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ERIC Number: ED546892
Record Type: Non-Journal
Publication Date: 2013-Jan
Pages: 17
Abstractor: ERIC
Reference Count: 35
Reframing Public Education as a Public Good
Froese-Germain, Bernie
Canadian Teachers' Federation
In his 1847 "Report on a System of Public Elementary Instruction for Upper Canada", Egerton Ryerson stated that public education was created in Canada to ensure that youth were prepared for their "appropriate duties and employments of life … as persons of business, and also as members of the civil community in which they live." As beneficiaries of the public education system, Ryerson recognized, that education is much more than the transfer of basic numeracy and literacy skills from teacher to student--an important goal of public education in a democracy is to prepare all students for active participation in society. Public schools look and function like the democratic, civil, pluralist society of which they are an integral part." According to Janet Keeping and David King, the following are among the most valuable characteristics of public education: (1) All children have a right to be included in public education, and the community has a responsibility to be inclusive: every adult in a community has both a right and a responsibility to be involved in the education of all children, not just their own or their grandchildren's; (2) Public education celebrates diversity. Children should be educated together, not in order to try to make them all the same, but so they may come to value everyone's unique individuality; and (3) Public education supports social mobility because a democratic society will fail if it does not constantly strive for greater fairness, ensuring that every child has the opportunity to benefit from its public education system, regardless of economic status. This publication presents a discussion of the role that public education plays in fostering democracy. It asserts that Canadians share a civic culture that includes both individual and communitarian values as well as political institutions, such as democracy, the rule of law, and protection of human rights. This civic culture is shared from one generation to the next by means of public education. The author writes that many Canadians appear to have lost track of the role public schools play in the nurturing of society. Recently a more consumer-oriented approach to education has become popular. A need to re-frame and re-articulate fundamental aspects of public education is argued, along with a discussion of the role of teachers' unions as advocates for both public schools and the teaching profession as this process of reframing public education for the public good moves forward. The importance of listening to the teacher voice on educational change has been an important aspect of the Canadian Teachers' Federation (CTF's) work over the past few years. According to CTF, the discussion regarding advocacy for education as a public good can be framed by three questions: (1) What is at the heart of our message to society? (2) What argument will resonate with society? (3) What is the role of CTF and its Member organizations?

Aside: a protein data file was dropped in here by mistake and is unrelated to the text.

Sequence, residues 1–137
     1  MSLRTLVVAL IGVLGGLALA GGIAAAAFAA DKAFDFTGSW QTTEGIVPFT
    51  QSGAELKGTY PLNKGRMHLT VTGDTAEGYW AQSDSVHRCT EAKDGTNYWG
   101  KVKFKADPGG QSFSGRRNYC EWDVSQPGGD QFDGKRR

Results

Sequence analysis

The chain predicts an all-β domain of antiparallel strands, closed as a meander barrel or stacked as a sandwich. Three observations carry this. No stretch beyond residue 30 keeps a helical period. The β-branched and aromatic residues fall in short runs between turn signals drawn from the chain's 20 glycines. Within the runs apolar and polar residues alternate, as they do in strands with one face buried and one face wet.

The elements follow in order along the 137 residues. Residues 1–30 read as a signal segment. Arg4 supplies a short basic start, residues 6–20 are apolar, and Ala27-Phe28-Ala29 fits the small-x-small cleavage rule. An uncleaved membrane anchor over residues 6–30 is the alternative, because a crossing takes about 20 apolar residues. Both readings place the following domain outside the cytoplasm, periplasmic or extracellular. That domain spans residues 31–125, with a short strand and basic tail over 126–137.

Canadian Teachers' Federation. 2490 Don Reid Drive, Ottawa, ON K1H 1E1, Canada. Tel: 866-283-1505; Tel: 613-232-1505; Fax: 613-232-1886; Web site:
Publication Type: Reports - Evaluative
Education Level: N/A
Audience: N/A
Language: English
Sponsor: N/A
Authoring Institution: Canadian Teachers' Federation
Identifiers - Location: Canada; Finland
Identifiers - Assessments and Surveys: Program for International Student Assessment